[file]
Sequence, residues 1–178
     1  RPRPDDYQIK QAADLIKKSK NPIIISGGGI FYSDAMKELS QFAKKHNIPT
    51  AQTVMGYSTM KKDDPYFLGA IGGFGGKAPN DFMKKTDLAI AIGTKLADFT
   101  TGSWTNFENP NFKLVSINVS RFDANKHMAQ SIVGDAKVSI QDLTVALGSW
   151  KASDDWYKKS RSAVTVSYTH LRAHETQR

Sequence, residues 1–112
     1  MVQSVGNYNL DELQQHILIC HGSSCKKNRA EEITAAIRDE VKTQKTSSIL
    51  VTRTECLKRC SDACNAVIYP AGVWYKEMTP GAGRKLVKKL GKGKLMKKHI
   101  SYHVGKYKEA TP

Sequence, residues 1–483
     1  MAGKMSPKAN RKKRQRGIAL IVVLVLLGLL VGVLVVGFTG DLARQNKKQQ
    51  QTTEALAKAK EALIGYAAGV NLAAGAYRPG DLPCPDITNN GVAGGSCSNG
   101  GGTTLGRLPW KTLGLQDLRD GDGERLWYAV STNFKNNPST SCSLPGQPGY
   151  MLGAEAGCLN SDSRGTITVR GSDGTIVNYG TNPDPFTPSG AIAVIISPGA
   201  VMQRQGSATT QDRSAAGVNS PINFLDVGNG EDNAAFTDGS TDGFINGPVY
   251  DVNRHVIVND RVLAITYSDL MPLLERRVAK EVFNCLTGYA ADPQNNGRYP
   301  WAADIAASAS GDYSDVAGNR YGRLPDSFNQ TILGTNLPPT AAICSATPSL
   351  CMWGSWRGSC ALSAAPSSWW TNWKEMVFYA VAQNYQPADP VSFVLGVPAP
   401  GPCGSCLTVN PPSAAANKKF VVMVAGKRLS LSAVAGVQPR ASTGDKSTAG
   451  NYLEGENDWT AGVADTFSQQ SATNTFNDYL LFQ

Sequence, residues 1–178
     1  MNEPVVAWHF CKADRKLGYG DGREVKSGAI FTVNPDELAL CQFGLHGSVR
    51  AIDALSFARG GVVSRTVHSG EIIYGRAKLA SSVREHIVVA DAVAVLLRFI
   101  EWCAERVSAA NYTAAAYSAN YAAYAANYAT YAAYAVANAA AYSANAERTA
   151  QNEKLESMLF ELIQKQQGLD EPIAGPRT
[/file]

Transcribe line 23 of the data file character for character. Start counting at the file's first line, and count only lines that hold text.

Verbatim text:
    51  AIDALSFARG GVVSRTVHSG EIIYGRAKLA SSVREHIVVA DAVAVLLRFI